Strengthening the immune system’s fight against brain cancer

Photo: Model of cancer cell

Recruiting dendritic cells for cancer fight. An artist’s representation of the surface of a human dendritic cell; © National Cancer Institute

When cancer strikes, it may be possible for patients to fight back with their own defenses, using a strategy known as immunotherapy. According to a new study published in Nature, researchers have found a way to enhance the effects of this therapeutic approach in glioblastoma, a deadly type of brain cancer, and possibly improve patient outcomes.

"The promise of dendritic cell-based therapy and other immunotherapies for brain cancer has been upheld for some time, but an important implication of this work is a demonstrated capacity to significantly improve the clinical impact of immunotherapy for patients with this very difficult disease," said Dr. Duane A. Mitchell, director of the Brain Tumor Immunotherapy Program at the University of Florida in Gainesville and co-lead author of the study.

Dendritic cells are specialized immune cells that normally capture microorganisms, and then migrate to the lymph nodes to prepare other immune players, such as T cells, to fight off the invaders.

Dendritic cells have been used for immunotherapy to target a variety of tumor types, including those that affect the brain. These cells are taken from the patient, engineered to express antigens from the tumor to create a vaccine, and then injected back into the patient. Once in the patient, the engineered dendritic cells activate T cells, which can fight the tumor and also prevent it from coming back, via an immune memory response.

Mitchell and his colleagues wanted to know if increasing dendritic cell migration to lymph nodes would improve the effects of the vaccine. To test this idea, a group of glioblastoma patients was randomized to receive a tetanus booster shot before getting the tumor-antigen expressing dendritic cell vaccine. The booster was designed to set off an inflammatory response at the site of the vaccination, prepping the immune system for a larger battle. The other group of patients were injected with their own native dendritic cells instead of a tetanus shot, and then treated with the tumor-antigen expressing dendritic cell vaccine. Both sets of patients were treated with the vaccine which was being tested for effectiveness against glioblastoma.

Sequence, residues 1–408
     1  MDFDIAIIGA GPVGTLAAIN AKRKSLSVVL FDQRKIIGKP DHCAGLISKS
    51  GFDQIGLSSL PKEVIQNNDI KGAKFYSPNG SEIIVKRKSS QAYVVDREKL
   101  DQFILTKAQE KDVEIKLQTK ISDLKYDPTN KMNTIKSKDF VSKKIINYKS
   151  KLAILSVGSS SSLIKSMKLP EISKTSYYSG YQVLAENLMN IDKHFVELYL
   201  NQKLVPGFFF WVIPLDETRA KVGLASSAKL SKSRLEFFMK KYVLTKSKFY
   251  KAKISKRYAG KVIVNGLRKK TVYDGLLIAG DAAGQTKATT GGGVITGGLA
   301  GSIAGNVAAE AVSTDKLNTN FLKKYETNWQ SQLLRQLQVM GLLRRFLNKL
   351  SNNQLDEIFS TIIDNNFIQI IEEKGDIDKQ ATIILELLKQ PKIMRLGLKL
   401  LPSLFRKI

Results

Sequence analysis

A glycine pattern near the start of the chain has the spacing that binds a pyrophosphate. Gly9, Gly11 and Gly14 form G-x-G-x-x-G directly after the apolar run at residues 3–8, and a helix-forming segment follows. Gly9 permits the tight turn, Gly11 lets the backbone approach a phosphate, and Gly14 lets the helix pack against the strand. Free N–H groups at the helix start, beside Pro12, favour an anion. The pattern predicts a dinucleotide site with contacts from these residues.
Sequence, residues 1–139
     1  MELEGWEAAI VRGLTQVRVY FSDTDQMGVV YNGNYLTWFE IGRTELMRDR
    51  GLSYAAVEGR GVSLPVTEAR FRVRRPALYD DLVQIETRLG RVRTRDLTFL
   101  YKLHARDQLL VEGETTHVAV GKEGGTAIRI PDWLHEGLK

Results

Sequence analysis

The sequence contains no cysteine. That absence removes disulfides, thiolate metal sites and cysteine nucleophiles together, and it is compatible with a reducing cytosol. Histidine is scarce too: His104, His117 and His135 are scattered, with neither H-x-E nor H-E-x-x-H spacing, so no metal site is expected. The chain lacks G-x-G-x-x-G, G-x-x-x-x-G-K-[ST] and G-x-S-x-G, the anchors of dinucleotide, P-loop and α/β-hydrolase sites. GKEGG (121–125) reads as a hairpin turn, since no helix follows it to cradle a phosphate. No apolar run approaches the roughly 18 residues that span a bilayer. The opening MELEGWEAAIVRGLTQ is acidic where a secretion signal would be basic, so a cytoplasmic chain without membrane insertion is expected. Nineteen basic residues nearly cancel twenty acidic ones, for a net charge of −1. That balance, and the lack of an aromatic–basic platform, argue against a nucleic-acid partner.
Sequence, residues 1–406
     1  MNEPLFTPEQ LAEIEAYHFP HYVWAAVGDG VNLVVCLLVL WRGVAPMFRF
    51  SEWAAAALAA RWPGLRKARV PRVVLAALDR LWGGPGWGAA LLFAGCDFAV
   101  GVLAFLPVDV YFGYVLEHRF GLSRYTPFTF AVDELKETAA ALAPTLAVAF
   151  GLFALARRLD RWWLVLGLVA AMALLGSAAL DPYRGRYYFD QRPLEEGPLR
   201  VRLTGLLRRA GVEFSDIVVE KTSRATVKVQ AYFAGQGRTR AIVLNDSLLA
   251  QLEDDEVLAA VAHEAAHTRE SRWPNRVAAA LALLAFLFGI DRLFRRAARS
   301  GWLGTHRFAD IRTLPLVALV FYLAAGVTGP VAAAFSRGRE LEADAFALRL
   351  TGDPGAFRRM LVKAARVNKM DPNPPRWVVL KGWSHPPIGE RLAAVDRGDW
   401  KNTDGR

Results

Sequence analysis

The vaccine used in this study was targeted against cytomegalovirus (CMV). Studies have shown that CMV is found in glioblastoma tumors, but it is unclear if the virus causes tumors or contributes to disease progression. Glioblastomas are a devastating form of brain cancer with five year survival rates under 10 percent. From the time of diagnosis, average survival time is less than two years.

"The role of CMV in glioblastoma has been a controversial area of research for several years. These new findings, and especially the dramatic survival rates, suggest that the virus may be an effective target for immune therapy. The results presented by Mitchell and his colleagues should stimulate more basic research on CMV and its potential therapeutic role in brain tumors and possibly other cancers," said Jane Fountain, Ph.D., program director at the NINDS.

The results showed that administering a tetanus booster before the vaccine increased dendritic cell migration to lymph nodes and also had a significant effect on clinical outcomes. The patients who received the tetanus booster lived more than 36.6 months after diagnosis compared to an average survival time of 18.5 months in those who received dendritic cells alone.; Source: National Institutes of Health

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